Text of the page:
January 21, 2008
Architecture vs. Design - An Artificial Distinction?Software architects are a funny bunch. Putting aside our latent God complexes for a moment, we also have a tendency to tout some pretty dodgy, unsubstantiated rubbish from time to time. And I should know.
Take this notion that there is a distinction between architecture and design, for example. I've been told on numerous occasions by numerous architectural luminaries that if it's about how code is organised into classes, then that's "design", but if it's about how components are organised into systems, well, that's "architecture", apparantly.
Architects do not concern themselves with the details of what code goes where. It's all a question of scale, they confidently tell me.
Well, that's just a load of old codswallop, if you ask me. First, it presupposes that real architects - y'know, the ones we stole the name from - don't concern themselves with implementation details, or that there's a difference between a building "architect" and a building "designer". My father designs buildings. He is an architect. And yes, he does actually care about the little details. Any good architect should. Shoddy craftsmanship can ruin even the best designs, and my Dad worries about everything from the overall shape of the building down to the mix of the grout used to tile the bathrooms. It all matters.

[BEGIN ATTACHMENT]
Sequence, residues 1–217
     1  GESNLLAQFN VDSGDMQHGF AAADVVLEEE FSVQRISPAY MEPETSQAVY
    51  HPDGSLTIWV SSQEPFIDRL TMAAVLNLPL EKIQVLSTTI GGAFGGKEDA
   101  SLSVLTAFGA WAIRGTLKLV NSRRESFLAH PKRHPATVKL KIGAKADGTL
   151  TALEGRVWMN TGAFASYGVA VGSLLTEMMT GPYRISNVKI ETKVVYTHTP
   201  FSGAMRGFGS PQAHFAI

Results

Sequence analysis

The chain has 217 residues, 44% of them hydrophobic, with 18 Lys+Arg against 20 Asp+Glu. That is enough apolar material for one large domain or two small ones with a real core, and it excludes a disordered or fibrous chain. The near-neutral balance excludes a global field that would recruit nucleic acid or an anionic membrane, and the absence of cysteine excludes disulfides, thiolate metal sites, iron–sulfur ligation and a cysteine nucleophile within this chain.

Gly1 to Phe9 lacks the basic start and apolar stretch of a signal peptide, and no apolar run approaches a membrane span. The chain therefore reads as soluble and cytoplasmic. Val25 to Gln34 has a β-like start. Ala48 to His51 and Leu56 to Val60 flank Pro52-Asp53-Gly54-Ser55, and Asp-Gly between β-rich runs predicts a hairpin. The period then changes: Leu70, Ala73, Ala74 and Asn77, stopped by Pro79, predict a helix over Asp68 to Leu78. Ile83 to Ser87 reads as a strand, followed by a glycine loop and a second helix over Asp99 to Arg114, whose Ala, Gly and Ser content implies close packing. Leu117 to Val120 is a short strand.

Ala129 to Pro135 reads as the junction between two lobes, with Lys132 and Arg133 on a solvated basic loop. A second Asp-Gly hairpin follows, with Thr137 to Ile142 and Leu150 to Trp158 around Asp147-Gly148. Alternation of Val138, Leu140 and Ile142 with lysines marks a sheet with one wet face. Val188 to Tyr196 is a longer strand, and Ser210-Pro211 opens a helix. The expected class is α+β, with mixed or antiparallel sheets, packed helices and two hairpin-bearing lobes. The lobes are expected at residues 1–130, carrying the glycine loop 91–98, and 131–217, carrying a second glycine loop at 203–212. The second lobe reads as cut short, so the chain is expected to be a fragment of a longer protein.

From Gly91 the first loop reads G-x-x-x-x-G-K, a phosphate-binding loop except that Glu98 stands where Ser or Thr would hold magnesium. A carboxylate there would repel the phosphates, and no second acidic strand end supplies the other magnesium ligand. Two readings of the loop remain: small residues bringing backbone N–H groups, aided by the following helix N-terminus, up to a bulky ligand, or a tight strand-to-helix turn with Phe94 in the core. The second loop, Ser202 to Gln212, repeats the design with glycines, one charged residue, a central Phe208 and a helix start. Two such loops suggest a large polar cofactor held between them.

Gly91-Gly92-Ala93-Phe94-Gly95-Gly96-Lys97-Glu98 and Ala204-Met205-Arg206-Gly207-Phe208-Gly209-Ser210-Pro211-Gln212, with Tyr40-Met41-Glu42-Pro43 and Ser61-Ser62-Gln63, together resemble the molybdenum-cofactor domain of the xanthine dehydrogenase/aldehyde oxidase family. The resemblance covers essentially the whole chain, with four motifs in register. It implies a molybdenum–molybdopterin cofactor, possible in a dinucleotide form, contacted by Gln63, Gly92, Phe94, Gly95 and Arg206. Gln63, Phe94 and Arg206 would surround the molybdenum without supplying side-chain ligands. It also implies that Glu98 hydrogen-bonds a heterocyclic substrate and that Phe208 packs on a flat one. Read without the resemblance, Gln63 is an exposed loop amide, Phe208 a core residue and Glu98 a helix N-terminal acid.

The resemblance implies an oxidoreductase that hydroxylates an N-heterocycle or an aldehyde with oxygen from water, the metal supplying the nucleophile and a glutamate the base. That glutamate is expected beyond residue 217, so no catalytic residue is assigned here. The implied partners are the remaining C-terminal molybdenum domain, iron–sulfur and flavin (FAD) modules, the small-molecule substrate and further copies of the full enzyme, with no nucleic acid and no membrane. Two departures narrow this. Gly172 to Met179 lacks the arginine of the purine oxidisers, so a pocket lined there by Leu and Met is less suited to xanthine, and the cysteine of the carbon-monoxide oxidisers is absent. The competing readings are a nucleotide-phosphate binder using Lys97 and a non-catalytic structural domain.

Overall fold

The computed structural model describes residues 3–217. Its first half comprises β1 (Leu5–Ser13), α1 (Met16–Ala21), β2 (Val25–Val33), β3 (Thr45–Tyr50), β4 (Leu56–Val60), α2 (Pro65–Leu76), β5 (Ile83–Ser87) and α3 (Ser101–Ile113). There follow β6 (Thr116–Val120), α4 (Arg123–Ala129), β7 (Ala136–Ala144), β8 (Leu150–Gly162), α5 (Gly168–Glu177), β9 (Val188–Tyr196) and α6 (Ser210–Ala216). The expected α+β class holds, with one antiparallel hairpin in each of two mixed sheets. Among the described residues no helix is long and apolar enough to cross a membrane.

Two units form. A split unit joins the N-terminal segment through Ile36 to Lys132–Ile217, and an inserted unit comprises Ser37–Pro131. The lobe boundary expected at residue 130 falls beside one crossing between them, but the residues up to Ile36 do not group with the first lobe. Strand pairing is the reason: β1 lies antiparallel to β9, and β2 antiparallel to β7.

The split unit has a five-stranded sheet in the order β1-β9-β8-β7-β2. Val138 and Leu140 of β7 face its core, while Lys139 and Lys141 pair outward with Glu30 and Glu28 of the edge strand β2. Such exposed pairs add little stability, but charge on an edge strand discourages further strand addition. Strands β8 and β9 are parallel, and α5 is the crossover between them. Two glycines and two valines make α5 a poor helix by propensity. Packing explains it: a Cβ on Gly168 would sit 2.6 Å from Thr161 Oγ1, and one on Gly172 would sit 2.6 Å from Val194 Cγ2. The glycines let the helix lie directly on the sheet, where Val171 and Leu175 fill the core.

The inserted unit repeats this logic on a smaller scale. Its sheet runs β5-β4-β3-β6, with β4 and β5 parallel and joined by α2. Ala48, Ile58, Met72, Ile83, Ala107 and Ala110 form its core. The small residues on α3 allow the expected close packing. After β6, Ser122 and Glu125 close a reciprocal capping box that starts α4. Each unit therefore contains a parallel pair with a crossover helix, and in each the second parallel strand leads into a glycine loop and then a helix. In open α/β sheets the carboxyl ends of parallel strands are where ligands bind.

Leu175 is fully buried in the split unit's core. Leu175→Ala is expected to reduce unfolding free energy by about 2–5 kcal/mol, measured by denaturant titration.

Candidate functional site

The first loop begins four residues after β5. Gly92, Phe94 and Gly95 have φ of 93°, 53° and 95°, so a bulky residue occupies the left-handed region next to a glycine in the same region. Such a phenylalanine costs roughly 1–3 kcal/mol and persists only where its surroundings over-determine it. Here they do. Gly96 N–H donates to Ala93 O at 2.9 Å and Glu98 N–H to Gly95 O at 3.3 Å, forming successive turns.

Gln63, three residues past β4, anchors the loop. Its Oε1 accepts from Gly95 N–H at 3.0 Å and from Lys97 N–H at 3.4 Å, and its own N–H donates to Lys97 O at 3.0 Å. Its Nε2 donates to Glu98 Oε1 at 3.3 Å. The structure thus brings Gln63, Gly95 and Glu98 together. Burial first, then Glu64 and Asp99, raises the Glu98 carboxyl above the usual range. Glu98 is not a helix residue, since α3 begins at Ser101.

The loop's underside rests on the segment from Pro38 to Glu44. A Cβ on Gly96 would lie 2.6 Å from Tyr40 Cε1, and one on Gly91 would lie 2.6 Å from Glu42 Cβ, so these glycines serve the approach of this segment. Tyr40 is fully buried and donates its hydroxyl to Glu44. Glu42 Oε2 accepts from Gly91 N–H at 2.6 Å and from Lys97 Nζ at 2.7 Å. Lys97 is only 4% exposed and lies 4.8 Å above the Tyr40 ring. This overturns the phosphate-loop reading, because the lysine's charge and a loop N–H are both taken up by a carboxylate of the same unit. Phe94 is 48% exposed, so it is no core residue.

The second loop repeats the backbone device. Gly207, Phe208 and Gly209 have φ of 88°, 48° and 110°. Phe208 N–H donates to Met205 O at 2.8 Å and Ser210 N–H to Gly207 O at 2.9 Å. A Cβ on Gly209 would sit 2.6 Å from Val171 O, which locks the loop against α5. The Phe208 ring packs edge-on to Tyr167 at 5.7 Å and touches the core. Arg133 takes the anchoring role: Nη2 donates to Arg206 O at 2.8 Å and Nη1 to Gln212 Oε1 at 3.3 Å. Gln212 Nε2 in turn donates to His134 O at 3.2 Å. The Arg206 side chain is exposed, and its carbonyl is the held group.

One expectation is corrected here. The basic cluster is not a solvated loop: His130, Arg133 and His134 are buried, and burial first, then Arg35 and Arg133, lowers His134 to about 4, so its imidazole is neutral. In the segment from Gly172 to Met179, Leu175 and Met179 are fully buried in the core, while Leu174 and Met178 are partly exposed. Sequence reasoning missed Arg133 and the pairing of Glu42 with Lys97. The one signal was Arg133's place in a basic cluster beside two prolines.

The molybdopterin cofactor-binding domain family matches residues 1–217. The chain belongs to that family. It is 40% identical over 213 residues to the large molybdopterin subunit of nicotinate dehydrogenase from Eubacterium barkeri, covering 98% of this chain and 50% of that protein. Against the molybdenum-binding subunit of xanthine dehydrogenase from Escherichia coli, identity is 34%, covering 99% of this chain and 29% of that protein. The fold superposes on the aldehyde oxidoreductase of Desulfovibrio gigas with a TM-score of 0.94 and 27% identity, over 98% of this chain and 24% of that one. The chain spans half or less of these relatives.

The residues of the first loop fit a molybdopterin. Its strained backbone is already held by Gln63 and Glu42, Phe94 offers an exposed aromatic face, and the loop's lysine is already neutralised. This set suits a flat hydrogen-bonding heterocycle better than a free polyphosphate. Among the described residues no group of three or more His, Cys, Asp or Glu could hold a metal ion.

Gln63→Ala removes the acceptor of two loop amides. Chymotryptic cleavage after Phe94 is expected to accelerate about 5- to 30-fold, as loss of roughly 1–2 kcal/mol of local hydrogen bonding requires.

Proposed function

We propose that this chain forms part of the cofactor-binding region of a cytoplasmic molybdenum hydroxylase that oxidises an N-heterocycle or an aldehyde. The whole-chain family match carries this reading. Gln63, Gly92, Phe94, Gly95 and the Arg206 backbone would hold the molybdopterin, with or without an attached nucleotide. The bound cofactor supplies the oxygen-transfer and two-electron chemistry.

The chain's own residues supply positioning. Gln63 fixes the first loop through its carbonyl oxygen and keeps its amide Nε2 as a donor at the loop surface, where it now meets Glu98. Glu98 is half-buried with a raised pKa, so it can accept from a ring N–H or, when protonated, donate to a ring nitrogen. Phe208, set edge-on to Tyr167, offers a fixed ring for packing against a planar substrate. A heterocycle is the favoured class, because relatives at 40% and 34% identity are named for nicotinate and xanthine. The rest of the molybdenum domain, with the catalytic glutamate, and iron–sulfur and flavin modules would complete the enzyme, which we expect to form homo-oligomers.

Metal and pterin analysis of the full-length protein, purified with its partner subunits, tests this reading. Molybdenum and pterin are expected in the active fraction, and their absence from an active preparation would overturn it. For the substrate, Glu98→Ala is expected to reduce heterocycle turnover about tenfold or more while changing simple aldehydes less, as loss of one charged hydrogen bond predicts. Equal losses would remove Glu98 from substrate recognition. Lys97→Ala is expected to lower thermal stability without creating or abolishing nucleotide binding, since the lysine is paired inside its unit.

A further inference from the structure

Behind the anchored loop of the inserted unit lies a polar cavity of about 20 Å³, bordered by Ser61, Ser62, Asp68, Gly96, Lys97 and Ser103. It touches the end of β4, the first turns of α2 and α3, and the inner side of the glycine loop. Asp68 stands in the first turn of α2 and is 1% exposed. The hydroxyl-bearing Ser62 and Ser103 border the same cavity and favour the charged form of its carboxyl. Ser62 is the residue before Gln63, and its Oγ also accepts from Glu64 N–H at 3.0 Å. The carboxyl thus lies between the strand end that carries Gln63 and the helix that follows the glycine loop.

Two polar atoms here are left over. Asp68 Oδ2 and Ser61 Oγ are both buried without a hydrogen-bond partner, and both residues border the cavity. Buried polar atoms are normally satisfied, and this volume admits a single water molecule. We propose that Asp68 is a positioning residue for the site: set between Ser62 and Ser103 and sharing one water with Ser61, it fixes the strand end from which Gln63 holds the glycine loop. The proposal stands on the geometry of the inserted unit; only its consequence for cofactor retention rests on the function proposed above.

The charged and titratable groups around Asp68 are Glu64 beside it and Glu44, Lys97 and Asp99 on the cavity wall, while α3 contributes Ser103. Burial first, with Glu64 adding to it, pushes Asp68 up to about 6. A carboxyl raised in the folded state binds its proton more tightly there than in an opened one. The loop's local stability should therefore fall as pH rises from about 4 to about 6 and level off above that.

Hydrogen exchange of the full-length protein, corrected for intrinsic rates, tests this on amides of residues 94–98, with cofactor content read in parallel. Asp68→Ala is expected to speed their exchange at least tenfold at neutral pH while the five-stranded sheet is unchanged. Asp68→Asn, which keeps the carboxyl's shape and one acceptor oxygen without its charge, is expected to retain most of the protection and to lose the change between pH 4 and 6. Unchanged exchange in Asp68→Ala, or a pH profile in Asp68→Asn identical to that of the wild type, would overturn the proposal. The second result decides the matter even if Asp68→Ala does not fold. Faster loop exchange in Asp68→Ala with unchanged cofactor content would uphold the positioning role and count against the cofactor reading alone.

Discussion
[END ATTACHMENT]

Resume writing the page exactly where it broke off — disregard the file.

This lofty - actually, "haughty" is probably a better word for it - idea that there is a special breed (apart) of software professional who concerns him or herself only with "big design decisions" seems to me to be largely about status than about actual demarcation of roles or responsibilities.
The division of scale is entirely arbitrary. Maybe someone who works at the global enterprise level might see the organisation of software components into systems as trivial, and not really "architecture" either. In which case, it's a relative term, and can therefore be applied at any level below which there exists another level of detail that we could describe as "design" (like the organisation of transistors in a silicon chip - or are people who design processors not allowed to call themselves "architects" either?)
My advice, if you happen to be one of these hifalutin so-called "architects", is to drop the airs and graces, roll up your sleeves and get stuck into the code, where 95% of the real design decisions - that have a real impact on maintainability, reusability, portability and all the other -ilities - actually get made.
Boy, I get especially tetchy when I've got a cold, don't I?
Posted 14 years, 1 month ago on January 21, 2008